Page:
Your photographs mainly capture the majority of Egyptians, working class and occasionally poverty stricken. Do you have altruistic intentions with Cairo Captions?
I want to inspire change and I want to do it in my very own special way; sharing of a passion. I see my work as an easy invitation for people to enter forgotten worlds around them, to learn a lesson and maybe find contentment in their own lives, but most importantly to inspire change within them by motivating them to change the world around them. On the other hand, my camera gives a voice to those who are suffering and need to be heard. Cairo Captions is all about bridging the widening gaps in this society,one picture at a time.
Where do you see Cairo Captions going in the future?
I have big plans for this project. I’m currently working on a Cairo Captions book! The next step is turning Cairo Captions into an on-ground development-through-art project, aimed at educating the people of Cairo about the history and cultural background of their city.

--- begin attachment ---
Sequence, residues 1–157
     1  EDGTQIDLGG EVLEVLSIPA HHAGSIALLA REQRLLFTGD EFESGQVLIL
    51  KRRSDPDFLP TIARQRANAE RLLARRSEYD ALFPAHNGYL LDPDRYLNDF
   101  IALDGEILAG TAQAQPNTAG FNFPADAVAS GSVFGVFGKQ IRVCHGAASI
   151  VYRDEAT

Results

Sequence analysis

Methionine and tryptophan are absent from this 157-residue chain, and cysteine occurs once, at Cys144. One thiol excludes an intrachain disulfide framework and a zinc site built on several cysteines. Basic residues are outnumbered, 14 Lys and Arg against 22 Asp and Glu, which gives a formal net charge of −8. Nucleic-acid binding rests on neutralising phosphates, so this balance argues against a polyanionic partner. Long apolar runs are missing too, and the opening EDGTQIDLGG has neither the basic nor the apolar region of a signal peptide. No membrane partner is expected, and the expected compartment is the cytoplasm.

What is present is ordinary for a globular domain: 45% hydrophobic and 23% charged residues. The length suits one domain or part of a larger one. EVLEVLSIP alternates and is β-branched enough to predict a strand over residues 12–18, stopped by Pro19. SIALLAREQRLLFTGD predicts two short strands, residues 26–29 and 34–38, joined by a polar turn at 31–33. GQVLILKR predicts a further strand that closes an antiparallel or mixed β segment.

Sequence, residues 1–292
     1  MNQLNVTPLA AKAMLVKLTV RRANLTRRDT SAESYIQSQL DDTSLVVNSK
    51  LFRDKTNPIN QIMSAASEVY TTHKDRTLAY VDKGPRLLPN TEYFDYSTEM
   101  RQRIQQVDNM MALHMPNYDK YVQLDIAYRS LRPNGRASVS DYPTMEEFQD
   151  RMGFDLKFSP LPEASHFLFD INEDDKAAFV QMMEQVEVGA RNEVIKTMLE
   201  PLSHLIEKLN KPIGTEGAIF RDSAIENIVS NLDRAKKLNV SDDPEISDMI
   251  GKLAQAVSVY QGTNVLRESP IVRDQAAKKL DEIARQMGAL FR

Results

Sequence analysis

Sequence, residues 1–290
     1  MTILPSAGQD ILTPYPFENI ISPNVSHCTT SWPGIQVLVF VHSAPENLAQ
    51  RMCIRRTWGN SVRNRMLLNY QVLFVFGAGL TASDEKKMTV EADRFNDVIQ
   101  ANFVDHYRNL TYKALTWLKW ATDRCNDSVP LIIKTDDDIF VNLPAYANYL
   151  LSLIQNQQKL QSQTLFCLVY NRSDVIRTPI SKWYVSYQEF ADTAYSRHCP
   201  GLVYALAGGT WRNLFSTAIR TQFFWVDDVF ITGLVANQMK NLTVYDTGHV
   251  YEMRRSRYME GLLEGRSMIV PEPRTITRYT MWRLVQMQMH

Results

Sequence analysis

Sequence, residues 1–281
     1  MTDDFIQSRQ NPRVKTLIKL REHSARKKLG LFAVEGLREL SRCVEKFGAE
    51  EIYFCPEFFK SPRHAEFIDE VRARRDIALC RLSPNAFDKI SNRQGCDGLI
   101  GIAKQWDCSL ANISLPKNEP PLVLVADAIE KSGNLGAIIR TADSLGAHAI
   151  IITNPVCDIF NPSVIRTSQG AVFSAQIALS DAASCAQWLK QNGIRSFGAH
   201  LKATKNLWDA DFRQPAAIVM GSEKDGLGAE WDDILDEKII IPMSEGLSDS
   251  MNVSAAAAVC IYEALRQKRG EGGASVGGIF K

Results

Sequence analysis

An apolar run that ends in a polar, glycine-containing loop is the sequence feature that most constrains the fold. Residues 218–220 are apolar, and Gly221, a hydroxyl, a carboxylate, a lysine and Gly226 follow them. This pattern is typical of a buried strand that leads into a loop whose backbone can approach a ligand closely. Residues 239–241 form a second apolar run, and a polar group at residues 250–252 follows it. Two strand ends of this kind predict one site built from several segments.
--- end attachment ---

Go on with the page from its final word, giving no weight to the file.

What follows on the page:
What's the funniest or most interesting story you've heard so far?
The kids of Cairo have a brilliant sense of humor and imagination. One day, I was walking in an alley and this kid kept calling on me to take a picture of him, claiming he was a magician.... here is how the conversation went:
"Come take a picture of me, I'm a magician!"
"Oh, can you show me some tricks?"
"Yes, ask me anything and someone else will reply on my behalf."
"OK… How are you?"
-Another voice replies: "Im good el hamdulillah"